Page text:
When developing heat sink designs, engineers must consider many constraints such as space, fixture shape, manufacturability, cost, and air conditions. As previously mentioned, convection is a very important factor for the heat management of the whole LED fixture. A passive cooling approach, in which no forces to enhance air circulation are artificially induced, is always favored as it translates to cheaper, quieter, and more reliable designs. Generally, passive cooling designs that rely on natural convection are effective in their role of transferring heat to the air. For some industrial, heavy-duty applications using large power ratings, the heat transfer coefficient must be increased by using fan or liquid cooling methods.

As an example, a heat sink operating with natural convection would transfer heat to the air at a rate of 5 to 20 W/m2K whereas the use of a fan can increase these values to 25-250W/m2K. When LED fixtures are cooled by liquids, the convection coefficient reaches up to 100-20K W/m2K.

To evaluate these convective heat transfer coefficients at the design stage of the LED fixture, it is very helpful to perform CFD thermal simulations which take into account the 3D geometry, the material, the environmental conditions, and considers all the heat transfer mechanisms to highlight problematic areas in the design. Evaluating the results, engineers can easily discover hot spots and address the issues, using an iterative design process to find a satisfactory solution.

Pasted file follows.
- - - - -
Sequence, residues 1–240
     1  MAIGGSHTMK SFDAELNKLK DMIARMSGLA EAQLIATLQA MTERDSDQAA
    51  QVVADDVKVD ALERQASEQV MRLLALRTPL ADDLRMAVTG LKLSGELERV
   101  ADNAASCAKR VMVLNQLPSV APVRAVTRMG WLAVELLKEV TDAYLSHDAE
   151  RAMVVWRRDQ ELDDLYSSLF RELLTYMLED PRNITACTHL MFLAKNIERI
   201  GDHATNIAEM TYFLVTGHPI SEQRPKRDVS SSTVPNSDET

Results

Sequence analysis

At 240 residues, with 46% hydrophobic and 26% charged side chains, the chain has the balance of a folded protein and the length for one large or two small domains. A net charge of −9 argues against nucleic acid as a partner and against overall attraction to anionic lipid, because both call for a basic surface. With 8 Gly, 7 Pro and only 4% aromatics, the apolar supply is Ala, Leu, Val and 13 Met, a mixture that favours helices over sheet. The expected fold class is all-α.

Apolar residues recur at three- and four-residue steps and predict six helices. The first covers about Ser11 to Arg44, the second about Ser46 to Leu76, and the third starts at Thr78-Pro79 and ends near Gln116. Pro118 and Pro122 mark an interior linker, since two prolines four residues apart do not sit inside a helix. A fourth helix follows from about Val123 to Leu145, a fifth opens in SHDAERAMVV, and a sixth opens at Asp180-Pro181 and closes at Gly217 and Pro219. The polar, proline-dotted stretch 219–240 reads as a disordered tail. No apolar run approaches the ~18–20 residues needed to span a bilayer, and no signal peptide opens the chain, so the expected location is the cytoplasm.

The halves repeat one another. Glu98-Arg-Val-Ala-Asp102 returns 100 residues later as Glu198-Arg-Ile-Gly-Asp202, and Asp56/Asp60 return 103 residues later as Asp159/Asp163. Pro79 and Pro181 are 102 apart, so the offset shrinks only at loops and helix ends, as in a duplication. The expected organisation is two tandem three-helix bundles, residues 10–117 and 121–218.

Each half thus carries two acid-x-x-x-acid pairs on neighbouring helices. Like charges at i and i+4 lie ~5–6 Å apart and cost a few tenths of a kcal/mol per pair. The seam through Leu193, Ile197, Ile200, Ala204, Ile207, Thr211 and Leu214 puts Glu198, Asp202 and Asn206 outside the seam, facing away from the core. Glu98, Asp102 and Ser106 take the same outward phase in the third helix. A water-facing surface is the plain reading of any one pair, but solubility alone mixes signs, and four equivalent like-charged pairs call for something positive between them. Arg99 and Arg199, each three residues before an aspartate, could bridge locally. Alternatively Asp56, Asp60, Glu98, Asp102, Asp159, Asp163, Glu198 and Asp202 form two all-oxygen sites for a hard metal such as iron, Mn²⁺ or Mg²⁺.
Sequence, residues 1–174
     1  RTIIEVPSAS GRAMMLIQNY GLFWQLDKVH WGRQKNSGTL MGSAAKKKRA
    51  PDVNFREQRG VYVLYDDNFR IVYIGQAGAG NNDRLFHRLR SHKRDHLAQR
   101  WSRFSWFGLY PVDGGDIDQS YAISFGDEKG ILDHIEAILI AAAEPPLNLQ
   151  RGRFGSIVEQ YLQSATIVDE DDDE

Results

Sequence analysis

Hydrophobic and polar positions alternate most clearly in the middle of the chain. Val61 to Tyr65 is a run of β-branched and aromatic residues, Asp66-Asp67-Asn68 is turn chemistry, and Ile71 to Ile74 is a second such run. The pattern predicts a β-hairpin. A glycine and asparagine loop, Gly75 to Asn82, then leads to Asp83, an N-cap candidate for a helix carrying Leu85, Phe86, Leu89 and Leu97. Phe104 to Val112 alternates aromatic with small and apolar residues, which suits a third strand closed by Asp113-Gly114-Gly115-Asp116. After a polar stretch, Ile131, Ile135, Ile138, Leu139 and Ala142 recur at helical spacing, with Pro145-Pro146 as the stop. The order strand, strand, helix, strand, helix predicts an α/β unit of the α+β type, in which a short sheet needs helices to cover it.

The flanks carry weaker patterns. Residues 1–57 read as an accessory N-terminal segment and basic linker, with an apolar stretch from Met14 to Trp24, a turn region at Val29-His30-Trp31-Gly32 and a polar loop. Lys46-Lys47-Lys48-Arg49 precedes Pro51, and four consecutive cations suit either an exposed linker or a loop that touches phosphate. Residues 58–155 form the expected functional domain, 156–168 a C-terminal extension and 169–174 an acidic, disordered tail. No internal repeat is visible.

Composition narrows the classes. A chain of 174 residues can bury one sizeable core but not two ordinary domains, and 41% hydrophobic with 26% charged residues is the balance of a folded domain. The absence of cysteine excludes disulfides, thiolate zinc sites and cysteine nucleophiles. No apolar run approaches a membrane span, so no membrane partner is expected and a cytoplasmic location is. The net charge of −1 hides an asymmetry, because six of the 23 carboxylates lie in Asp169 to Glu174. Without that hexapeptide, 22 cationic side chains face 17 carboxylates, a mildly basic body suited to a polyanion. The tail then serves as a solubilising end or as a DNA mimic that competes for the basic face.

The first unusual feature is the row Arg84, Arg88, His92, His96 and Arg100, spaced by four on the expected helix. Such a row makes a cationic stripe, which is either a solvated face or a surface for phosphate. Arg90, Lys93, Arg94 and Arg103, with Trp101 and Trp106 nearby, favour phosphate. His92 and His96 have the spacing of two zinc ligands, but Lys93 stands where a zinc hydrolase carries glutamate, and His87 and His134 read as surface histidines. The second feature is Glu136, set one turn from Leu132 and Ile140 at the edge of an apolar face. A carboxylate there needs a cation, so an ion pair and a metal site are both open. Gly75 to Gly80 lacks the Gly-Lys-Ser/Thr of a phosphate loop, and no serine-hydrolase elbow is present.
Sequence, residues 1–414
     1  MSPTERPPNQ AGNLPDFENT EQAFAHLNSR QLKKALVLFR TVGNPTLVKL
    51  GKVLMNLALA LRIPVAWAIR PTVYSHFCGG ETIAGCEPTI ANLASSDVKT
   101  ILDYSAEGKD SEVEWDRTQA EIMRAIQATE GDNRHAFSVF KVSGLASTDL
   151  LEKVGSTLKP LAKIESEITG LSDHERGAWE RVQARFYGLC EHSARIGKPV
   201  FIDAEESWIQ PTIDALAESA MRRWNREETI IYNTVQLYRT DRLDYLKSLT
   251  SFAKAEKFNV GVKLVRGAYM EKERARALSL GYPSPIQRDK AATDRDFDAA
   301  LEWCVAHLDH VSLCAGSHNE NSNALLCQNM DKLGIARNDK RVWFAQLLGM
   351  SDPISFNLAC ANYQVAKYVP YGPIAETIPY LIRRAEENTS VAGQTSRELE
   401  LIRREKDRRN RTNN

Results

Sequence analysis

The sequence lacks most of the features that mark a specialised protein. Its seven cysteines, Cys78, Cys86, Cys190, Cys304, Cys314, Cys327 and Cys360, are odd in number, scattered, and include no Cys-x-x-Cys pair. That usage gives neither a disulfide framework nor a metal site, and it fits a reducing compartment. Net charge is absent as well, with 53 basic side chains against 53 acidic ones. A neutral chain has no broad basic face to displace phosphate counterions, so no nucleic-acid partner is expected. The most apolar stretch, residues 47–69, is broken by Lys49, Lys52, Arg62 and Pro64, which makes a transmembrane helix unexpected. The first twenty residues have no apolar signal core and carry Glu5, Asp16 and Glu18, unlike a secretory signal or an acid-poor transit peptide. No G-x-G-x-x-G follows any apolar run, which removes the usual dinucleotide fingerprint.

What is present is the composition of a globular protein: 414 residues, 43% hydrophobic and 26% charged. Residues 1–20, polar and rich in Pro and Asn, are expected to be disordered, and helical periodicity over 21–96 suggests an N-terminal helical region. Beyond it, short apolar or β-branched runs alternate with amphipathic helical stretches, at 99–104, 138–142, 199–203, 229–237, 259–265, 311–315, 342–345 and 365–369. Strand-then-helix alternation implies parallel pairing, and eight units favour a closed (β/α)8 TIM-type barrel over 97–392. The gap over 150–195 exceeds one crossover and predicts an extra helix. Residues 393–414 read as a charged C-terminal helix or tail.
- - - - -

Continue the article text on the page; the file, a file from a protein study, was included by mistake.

With such an inexpensive, fast, and easy-to-use solution, it is possible to drastically reduce the number of workflow steps over a physical prototype by having already reduced the number of design options through numerical simulations. Furthermore, the capacity of parallel computation, data storage, and reliability that cloud computing offers, in turn, unfolds possibilities for optimizing designs to an extent that has never been seen before.


The heat dissipation performance of LED fixtures depends on a number of factors, materials, interfaces, geometries, and environmental conditions. Taking into account such factors is essential to keep the LEDs cool under working conditions which will therefore prolong their lifetime and satisfy performance requirements. Using CFD thermal simulation numerically replicates working conditions, materials, and heat thermal transfer on a 3D model so that the design engineers can make informed decisions. The time and effort required for many iterative physical tests can be significantly decreased by harvesting the power of CFD thermal simulation in the cloud. Multiple scenarios and designs can be tested simultaneously to rapidly find a thermally effective LED fixture solution. Designing optimized LED lighting solutions can mean a more accessible market price, making energy-efficient LED lighting systems the go-to standard.

Additional Resources on LED Lighting From SimScale: